Conference Schedule

Empowering Educators in the Discovery of Teaching Case Studies: Solving a Complex Search Task

CC07 • concurrent • Return to conference schedule
Wednesday, May 1, 2019 • 1:30 p.m. – 2:10 p.m.
Dillon Hall 256
Jess Dixon University of Windsor Show biographies
Jess Dixon is an Associate Professor of Sport Management and Graduate Coordinator in the Department of Kinesiology at the University of Windsor. His research and scholarly interests include strategic management, executive leadership and human resource management in sport, as well as pedagogy and mentoring. He is the editor of Case Studies in Sport Management.
Orland Hoeber* University of Regina
Dr. Orland Hoeber is a Professor in the Department of Computer Science at the University of Regina. His primary research interests are in the areas of information visualization, interactive information retrieval, visual analytics, geovisual analytics, sport analytics, social media, and mobile computing. Dr. Hoeber has an active research team working on the design, development, and study of visual and interactive software to support exploration, analysis, reasoning, and discovery in a broad range of information-centric domains.
*Marked authors are not presenting at the conference.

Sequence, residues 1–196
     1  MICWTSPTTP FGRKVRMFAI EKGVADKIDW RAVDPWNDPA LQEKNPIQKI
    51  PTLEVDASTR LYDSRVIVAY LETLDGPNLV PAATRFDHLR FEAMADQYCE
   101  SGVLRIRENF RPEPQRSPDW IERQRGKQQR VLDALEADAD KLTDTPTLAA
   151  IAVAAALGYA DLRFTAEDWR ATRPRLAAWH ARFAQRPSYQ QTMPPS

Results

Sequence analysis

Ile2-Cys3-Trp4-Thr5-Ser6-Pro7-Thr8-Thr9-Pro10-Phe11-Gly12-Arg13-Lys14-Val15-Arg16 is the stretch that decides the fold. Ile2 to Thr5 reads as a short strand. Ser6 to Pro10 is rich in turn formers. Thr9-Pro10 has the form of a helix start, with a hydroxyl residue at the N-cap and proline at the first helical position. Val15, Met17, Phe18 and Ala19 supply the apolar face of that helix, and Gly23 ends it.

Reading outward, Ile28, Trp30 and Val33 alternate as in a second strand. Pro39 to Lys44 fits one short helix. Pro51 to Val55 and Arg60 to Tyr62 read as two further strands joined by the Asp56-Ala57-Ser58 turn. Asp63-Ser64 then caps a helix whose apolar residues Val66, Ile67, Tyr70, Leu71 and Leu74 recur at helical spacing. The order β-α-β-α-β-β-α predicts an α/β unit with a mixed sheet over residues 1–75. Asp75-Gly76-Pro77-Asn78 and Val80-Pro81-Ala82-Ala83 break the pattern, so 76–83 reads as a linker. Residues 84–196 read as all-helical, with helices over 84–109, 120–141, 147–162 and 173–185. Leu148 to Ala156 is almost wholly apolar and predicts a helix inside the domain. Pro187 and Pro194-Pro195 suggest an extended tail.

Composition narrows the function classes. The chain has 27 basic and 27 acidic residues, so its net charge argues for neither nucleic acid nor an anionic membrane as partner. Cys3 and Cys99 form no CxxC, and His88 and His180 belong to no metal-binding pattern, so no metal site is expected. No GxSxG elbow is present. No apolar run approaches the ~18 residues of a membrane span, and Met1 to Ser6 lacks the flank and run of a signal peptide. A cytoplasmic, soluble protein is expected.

The origins of the case method in higher education can be traced back to Joseph Octave Maufette at Quebec’s Collège St-Joseph in 1880 (Mauffette-Leenders et al., 2005). Historically, the largest barriers to adopting the case method in disciplines outside of medicine and law have been a perceived dearth of published case studies and difficulties locating them (Corey, 1998). Defined as “…a description of an actual situation, commonly involving a decision, a challenge, an opportunity, a problem, or an issue faced by a person (or persons) in an organization” (Mauffette-Leenders et al., 2005, p. 2), teaching case studies are published in a variety of outlets, including textbooks, journals, and specialized collections. Particularly for those new to the case method, searching for case studies can be a daunting challenge. Without knowing what terms to use, where to look, or how to distinguish cases of disparate quality, this complex search task (White et al., 2006) can discourage instructors from adopting the case method. Using sport management as an example, the purpose of this presentation will be to introduce a tool for empowering educators to discover teaching case studies that may be appropriate to their needs and support desired learning outcomes.